Don't torture your fish. Do fishless. It's not any quicker to do a cycle with fish so why do it?
That said, you cycle as long as it takes. Usually several weeks up to 6 weeks. There's a calculator that you can use to figure out how much ammonia to add to get up to the proper ppm
. You need an ammonia, nitrite, and nitrate test. You keep ammonia levels up to around 3-4 ppm
until you start seeing ammonia drop and nitrites raise. Continue adding ammonia to the tank up to your 3-4 ppm
level until nitrites start to fall and nitrates start raising. Do this until you can get 3-4 ppm
ammonia and nitrites to drop to zero within 24 hours. That means there's enough bacteria to take care of things. Do a large water change to reduce nitrates and add livestock.
You can quicken this process by adding material from an established tank. Filter media is a great thing to use. Wood, substrate, ect. Using water from an established tank won't really help as there isn't much bacteria in the water. It's mostly attached to things in the tank. But by seeding your new tank...it's just that much less time that you have to wait for the bacteria to develop naturally. Like Leestl said, in some cases...if you take a piece of filter media from a well established tank...you can have basically an instantly cycled tank. But you have to be careful to not add too much load too fast in this case because even though it's technically cycled...there's not a lot of bacteria. Add your livestock slowly. By doing a fishless cycle getting ammonia up to 3-4 ppm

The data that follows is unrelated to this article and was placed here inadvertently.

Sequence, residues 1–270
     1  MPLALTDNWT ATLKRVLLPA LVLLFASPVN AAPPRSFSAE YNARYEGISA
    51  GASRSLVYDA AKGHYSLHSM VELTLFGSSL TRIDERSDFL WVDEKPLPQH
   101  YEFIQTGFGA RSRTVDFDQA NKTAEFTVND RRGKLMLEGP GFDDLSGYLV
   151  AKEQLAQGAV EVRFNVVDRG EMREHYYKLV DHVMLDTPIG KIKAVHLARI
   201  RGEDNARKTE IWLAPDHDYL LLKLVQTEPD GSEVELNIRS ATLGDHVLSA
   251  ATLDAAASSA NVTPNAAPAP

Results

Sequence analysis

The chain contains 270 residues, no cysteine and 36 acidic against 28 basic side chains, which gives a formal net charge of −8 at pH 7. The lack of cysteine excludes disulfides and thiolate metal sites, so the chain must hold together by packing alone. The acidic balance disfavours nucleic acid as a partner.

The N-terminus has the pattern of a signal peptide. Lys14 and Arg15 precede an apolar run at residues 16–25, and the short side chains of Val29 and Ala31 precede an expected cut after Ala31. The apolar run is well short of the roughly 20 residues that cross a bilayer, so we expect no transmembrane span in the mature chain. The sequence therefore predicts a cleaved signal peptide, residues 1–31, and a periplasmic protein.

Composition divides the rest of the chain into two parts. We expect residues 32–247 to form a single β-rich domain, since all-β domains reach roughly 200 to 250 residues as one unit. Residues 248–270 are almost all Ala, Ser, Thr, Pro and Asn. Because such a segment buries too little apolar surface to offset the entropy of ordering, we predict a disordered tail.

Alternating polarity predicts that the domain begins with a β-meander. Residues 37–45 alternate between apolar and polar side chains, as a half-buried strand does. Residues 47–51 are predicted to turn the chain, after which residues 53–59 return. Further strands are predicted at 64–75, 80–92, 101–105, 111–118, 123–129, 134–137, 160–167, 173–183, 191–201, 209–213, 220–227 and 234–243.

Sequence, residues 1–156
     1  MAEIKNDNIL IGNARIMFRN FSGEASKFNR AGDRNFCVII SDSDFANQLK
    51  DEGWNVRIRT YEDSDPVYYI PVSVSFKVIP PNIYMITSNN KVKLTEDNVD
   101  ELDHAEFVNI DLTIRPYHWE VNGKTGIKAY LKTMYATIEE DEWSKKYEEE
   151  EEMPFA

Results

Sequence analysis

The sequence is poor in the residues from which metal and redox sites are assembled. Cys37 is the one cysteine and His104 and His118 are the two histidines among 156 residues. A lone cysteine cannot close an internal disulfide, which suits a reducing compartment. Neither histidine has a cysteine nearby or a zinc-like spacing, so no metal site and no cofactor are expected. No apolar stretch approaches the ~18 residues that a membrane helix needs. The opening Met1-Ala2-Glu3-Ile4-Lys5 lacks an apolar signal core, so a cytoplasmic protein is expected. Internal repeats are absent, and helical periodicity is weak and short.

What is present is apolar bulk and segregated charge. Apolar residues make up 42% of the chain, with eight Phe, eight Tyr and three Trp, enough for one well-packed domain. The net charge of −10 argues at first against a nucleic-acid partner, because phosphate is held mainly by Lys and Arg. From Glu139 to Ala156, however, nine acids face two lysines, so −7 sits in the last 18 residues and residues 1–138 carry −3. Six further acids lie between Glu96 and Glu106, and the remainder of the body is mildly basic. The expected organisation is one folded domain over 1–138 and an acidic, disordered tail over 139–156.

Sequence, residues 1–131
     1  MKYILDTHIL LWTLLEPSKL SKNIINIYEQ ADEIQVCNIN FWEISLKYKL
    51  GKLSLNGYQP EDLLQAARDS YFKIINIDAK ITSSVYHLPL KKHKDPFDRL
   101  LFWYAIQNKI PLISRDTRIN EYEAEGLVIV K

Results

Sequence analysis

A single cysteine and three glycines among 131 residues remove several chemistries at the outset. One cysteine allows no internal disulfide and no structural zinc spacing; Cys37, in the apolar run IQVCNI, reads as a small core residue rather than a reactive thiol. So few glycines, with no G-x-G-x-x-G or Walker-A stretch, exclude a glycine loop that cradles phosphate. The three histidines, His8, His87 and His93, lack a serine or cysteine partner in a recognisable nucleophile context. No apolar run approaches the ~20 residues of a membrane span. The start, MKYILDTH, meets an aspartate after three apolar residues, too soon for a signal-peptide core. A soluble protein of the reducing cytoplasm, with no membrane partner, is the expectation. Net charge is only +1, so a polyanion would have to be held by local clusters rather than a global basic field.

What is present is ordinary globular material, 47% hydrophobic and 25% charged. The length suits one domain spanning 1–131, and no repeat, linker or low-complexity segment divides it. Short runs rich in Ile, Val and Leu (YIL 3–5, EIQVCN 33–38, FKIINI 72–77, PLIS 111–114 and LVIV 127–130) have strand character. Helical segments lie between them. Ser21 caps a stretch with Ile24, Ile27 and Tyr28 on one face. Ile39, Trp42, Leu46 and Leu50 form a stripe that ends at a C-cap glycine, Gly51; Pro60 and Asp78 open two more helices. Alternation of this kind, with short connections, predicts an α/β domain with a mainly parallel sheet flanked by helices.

, when it's all done you'll have such a huge amount of bacteria...that it can handle pretty much anything you can throw at it. You can do a full stocking all at once for a given tank size without causing a spike because there will be way more than enough bacteria to handle it. Over time...the bacteria will adjust to the load.